6 Cellular Respiration Reaction C6H12O6+ 6O26CO2+ 6H2O+ATPsGlucoseOxygenCarbondioxideWaterEnergyCellular respiration is a process that releases energy from the bonds in glucose and captures the energy as ATPCellular respiration produces 38 ATP molecules from each glucose moleculeFigure 6.3 Summary equation for cellular respiration: C6H12O6 + 6 O2 6 CO2 + H2O + energy
12 NADH ATP NAD+ + 2e– Controlled release of H+ energy for synthesis of ATPH+Electron transportchainFigure 6.5C In cellular respiration, electrons fall down an energy staircase and finally reduce O2.2e–H+12O2H2O
13 NADH ATP NAD+ + 2e– Controlled release of H+ energy for synthesis Reduced or oxidized?NADHNAD+ATP+2e–Controlledrelease ofenergy forsynthesisof ATPH+Electron transportchainFigure 6.5C In cellular respiration, electrons fall down an energy staircase and finally reduce O2.2e–H+12O2Reduced or oxidized?Redox reactions involve the transfer of electronsH2O
15 High-energy electrons NADHHigh-energy electronscarried by NADHMitochondrionNADHFADH2andGLYCOLYSISOXIDATIVEPHOSPHORYLATION(Electron Transportand Chemiosmosis)CITRIC ACIDCYCLEGlucosePyruvateanimationCytoplasmInnermitochondrialmembraneFigure 6.6 An overview of cellular respiration.CO2CO2ATPATPATPSubstrate-levelphosphorylationSubstrate-levelphosphorylationOxidativephosphorylation
16 Glycolysis What goes in . . . What comes out . . . Net 2 ATP produced 2 Pyruvate + 2 ATP + 2 NADHGlucosePyruvate and NADH will continue on in respiration to be the reactants of subsequent reactionsi.e. - The Citric Acid CycleThe cell is very efficient and recycles molecules again and again
17 Glycolysis Know this figure Glucose 2 ADP 2 NAD+ + 2 P 2 NADH 2 ATP + Figure 6.7A An overview of glycolysis.2 Pyruvate
18 High-energy electrons NADHHigh-energy electronscarried by NADHMitochondrionNADHFADH2andGLYCOLYSISOXIDATIVEPHOSPHORYLATION(Electron Transportand Chemiosmosis)CITRIC ACIDCYCLEGlucosePyruvateanimationCytoplasmInnermitochondrialmembraneFigure 6.6 An overview of cellular respiration.CO2CO2ATPATPATPSubstrate-levelphosphorylationSubstrate-levelphosphorylationOxidativephosphorylation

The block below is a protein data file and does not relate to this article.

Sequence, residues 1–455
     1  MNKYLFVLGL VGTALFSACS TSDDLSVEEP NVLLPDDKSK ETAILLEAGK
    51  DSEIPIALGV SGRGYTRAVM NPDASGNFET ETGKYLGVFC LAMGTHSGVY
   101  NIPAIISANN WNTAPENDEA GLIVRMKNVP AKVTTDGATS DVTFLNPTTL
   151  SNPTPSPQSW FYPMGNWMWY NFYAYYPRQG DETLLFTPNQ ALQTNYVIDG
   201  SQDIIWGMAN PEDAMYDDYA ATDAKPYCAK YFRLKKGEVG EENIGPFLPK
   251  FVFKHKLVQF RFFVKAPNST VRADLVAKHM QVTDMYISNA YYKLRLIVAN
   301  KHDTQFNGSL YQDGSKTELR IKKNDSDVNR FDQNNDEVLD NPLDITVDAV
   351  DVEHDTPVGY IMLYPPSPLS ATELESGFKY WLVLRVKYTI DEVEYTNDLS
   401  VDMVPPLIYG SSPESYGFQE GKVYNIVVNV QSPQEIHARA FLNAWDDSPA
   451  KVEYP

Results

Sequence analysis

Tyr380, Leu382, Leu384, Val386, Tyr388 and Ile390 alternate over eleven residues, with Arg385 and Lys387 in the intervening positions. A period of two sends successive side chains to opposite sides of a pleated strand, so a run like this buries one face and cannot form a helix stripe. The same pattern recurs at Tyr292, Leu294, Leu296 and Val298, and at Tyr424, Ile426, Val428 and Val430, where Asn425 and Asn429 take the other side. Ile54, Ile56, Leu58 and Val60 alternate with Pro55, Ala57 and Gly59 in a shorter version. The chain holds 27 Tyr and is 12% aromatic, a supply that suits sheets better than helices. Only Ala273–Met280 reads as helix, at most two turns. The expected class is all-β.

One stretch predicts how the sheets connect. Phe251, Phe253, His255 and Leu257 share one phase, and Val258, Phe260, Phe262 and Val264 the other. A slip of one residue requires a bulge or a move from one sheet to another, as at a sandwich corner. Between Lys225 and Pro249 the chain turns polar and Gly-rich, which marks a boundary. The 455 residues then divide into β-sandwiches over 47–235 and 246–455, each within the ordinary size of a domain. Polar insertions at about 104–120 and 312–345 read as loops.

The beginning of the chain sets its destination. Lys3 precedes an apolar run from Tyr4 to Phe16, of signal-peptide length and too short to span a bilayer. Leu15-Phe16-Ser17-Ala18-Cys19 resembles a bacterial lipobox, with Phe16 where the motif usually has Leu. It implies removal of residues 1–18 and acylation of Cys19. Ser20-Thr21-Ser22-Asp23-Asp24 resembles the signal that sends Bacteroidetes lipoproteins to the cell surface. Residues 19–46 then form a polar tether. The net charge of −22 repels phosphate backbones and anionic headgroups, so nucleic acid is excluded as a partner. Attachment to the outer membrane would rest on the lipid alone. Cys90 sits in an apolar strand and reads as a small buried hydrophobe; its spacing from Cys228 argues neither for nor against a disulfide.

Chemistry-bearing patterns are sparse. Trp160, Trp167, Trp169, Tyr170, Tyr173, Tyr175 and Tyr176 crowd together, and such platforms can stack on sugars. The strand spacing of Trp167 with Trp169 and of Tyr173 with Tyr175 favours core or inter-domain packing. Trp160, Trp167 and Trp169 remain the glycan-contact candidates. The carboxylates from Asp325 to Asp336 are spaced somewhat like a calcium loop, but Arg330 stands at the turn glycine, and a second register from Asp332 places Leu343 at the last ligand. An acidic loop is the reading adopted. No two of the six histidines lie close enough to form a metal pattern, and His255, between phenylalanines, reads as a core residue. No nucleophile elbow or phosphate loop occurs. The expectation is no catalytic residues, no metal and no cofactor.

20 High-energy electrons NADHHigh-energy electronscarried by NADHMitochondrionNADHFADH2andGLYCOLYSISOXIDATIVEPHOSPHORYLATION(Electron Transportand Chemiosmosis)CITRIC ACIDCYCLEGlucosePyruvateanimationCytoplasmInnermitochondrialmembraneFigure 6.6 An overview of cellular respiration.CO2CO2ATPATPATPSubstrate-levelphosphorylationSubstrate-levelphosphorylationOxidativephosphorylation
21 CITRIC ACID CYCLE Acetyl CoA CoA CoA 2 CO2 3 NAD+ FADH2 FAD 3 NADH Figure 6.9A An overview of the citric acid cycle: Two carbons enter the cycle through acetyl CoA, and 2 CO2, 3 NADH, 1 FADH2, and 1 ATP exit the cycle.AsetilE as in petFAD3NADH3 H+ATPADP +P
22 Citric Acid Cycle What goes in . . . What comes out . . . Net 2 ATP produced (1 per each Acetyl CoA molecule)1Acetyl CoA + 1Oxaloacetate1Oxaloacetate + 1ATP + 3NADH + 1 FADH + 2CO2Oxaloacetate is the reactant for the next cycle of the citric acid cycleNADH and FADH will continue on in respiration to be reactants of the next reactioni.e. – Oxidative Phosphorylation
23 High-energy electrons NADHHigh-energy electronscarried by NADHMitochondrionNADHFADH2andGLYCOLYSISOXIDATIVEPHOSPHORYLATION(Electron Transportand Chemiosmosis)CITRIC ACIDCYCLEGlucosePyruvateanimationCytoplasmInnermitochondrialmembraneFigure 6.6 An overview of cellular respiration.CO2CO2ATPATPATPSubstrate-levelphosphorylationSubstrate-levelphosphorylationOxidativephosphorylation
24 So far, from 1 molecule of glucose, We have produced10 NADH (2 from glycolysis, 2 from pyruvate processing, 6 from citric acid cycle)2 FADH4 ATPNADH and FADH are our electron carriers that we have been building up in order to enter oxidative phosphorylation phaseThey will now enter that process and fulfill their purpose:They have been carrying high energy electrons. They will now donate these electrons to produce ATP
25 High-energy electrons NADHHigh-energy electronscarried by NADHMitochondrionNADHFADH2andGLYCOLYSISOXIDATIVEPHOSPHORYLATION(Electron Transportand Chemiosmosis)CITRIC ACIDCYCLEGlucosePyruvateanimationanimationCytoplasmInnermitochondrialmembraneFigure 6.6 An overview of cellular respiration.CO2CO2ATPATPATPSubstrate-levelphosphorylationSubstrate-levelphosphorylationOxidativephosphorylation
26 Electrons: Stair Stepping Down in Energy As each electron is passed from protein complex to protein complex it loses energyThe energy is used to pump H+ ions across the membrane to form a gradientEach electron steps down an “energy stair” with each passageUntil it reaches its final destination and it accepted by oxygenOxygen will simultaneously accept the electrons and the H+ ions to form water
27 NADH ATP NAD+ + 2e– Controlled release of H+ energy for synthesis of ATPH+Electron transportchainFigure 6.5C In cellular respiration, electrons fall down an energy staircase and finally reduce O2.2e–H+12O2H2O
29 NADH ATP NAD+ + 2e– Controlled release of H+ energy for synthesis Know this figureNADHNAD+ATP+2e–Controlledrelease ofenergy forsynthesisof ATPH+Electron transportchainFigure 6.5C In cellular respiration, electrons fall down an energy staircase and finally reduce O2.2e–H+12O2H2O
33 i INTERMEMBRANE SPACE H+ Stator Rotor Internal rod Cata- lytic knob Fig. 9-14INTERMEMBRANE SPACEH+StatorRotorInternalrodCata-lyticknobFigure 9.14 ATP synthase, a molecular millADP+PATPiMITOCHONDRIAL MATRIX